“Among the benefits of studying in Le Cordon Bleu Malaysia for me, the ingredients and tools we used were localised and easily accessible here. The chefs here tell us how they adapt their recipes, such as croissants and sugar art, to deal with the weather and humidity. It’s very practical information, working as well with the different types of flour available here compared to Europe.”
After graduating, Janice ventured into creating her own pastry-and-cake brand, Petiteserie, coupling the business acumen from her banking years with techniques she honed at Le Cordon Bleu to supply cakes to scores of top cafes in the Klang Valley.
“After studying at Le Cordon Bleu, I’ve stayed loyal to the French side of things, focusing on quality products and doing things that I love and am passionate about. I’m all about taste and texture,” says the pastry perfectionist, whose talents are revealed in the intricate layers of her signature hand-laminated croissants.
She, too, aims to pass on her knowledge, running classes on crafting croissants and other viennoiseries while offering made-to-order bakes for wholesale and personal purchases, spanning lemon meringue tarts to luscious Gula Melaka banana cakes.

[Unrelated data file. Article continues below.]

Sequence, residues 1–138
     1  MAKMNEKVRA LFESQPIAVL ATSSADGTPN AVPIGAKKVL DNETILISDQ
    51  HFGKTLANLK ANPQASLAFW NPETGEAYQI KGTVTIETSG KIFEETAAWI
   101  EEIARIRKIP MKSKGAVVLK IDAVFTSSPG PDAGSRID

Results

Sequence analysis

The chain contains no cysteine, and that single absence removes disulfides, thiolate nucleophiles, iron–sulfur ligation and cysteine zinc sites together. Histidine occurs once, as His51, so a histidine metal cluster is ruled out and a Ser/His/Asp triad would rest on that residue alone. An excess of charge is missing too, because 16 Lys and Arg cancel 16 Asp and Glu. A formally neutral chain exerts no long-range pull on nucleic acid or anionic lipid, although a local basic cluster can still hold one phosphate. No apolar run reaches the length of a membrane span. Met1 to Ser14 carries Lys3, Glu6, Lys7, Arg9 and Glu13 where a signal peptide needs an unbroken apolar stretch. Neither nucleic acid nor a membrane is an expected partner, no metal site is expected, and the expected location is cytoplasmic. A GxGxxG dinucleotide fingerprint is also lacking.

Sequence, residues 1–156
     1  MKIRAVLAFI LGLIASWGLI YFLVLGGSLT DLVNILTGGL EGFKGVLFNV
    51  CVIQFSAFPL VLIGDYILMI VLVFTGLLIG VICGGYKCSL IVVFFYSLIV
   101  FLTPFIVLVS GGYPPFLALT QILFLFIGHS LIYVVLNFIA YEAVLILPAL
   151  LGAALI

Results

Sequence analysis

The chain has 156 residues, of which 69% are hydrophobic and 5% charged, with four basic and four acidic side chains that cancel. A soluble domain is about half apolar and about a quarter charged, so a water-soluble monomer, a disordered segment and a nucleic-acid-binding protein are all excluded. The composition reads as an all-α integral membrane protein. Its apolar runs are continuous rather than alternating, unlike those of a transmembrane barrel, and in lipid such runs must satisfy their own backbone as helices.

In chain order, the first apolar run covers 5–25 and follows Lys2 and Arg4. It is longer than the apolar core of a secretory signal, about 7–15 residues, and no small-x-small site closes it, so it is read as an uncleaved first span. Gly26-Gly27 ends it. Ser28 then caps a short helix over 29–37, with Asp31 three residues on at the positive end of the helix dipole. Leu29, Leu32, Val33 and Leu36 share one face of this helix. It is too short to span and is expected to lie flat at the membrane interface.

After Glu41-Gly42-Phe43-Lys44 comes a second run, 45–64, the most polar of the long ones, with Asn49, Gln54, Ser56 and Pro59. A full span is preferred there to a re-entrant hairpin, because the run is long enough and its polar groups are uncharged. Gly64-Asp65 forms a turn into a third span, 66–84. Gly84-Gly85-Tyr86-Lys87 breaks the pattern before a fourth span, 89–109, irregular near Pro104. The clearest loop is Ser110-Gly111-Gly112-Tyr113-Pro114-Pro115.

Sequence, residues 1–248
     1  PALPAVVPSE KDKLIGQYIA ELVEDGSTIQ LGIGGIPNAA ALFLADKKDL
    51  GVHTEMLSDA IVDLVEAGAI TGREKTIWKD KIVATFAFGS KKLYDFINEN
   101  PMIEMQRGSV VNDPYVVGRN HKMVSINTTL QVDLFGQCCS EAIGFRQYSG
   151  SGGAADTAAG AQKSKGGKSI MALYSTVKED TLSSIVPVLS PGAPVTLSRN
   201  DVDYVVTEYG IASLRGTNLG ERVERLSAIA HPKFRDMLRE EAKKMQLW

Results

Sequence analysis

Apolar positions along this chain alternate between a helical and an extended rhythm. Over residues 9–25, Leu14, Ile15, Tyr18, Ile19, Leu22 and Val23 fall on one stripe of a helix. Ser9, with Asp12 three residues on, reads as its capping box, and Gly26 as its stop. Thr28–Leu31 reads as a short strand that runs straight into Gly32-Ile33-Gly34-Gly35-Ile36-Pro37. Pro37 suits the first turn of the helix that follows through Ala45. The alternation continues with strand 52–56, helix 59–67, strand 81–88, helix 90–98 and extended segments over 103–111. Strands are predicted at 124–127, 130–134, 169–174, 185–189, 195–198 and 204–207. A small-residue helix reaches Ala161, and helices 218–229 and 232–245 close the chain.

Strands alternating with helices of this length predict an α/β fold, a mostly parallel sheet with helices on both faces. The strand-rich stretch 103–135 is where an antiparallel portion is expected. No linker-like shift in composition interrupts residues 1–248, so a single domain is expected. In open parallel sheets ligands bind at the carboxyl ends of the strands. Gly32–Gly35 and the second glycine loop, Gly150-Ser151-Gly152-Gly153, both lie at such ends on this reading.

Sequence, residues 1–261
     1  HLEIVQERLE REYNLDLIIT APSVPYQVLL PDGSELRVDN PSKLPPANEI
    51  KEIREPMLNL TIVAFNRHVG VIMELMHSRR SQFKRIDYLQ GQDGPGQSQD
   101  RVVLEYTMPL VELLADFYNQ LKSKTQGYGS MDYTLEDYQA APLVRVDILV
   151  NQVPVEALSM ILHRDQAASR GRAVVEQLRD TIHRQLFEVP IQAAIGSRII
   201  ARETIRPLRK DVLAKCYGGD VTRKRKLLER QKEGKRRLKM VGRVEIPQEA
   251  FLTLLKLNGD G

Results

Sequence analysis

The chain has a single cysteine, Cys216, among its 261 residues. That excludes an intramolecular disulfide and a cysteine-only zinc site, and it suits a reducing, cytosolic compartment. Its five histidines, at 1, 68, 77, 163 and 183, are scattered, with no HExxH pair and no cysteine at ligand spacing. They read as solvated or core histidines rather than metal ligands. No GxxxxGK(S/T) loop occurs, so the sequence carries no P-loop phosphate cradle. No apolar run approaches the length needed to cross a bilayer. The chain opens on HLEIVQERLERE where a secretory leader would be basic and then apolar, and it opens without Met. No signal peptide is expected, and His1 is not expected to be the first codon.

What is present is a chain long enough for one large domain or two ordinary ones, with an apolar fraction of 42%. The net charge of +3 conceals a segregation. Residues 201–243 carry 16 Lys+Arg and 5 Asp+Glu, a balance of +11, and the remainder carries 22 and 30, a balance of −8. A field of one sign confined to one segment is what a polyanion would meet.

“It’s not an easy industry – it’s an industry where you have to be resilient. It’s not a bed of roses – you’ll need to be working on your feet the whole time. You’ll need a good combination of making the right decisions, in terms of financials, working with the right people and finding a strong team, and putting dedication into your recipes.”
SukaSucre Bistro, 27 & 29, Jalan Sri Hartamas 7, Taman Sri Hartamas, Kuala Lumpur. Website: facebook.com/sukasucrebistro
DC Restaurant, 44 Persiaran Zaaba, Taman Tun Dr. Ismail, Kuala Lumpur. Website: facebook.com/DarrenChinRestaurant Tel: 03-7731-0502
Petiteserie, Jalan Burhanuddin Helmi, Taman Tun Dr Ismail, Kuala Lumpur. Website: facebook.com/petiteserie Tel: 012-257-7587
Le Cordon Bleu Malaysia, Sunway College, 5, Jalan Universiti, Sunway City, Bandar Sunway, 47500 Petaling Jaya, Selangor. Tel: 03-5632-1188 Website: https://www.cordonbleu.edu/malaysia/home/en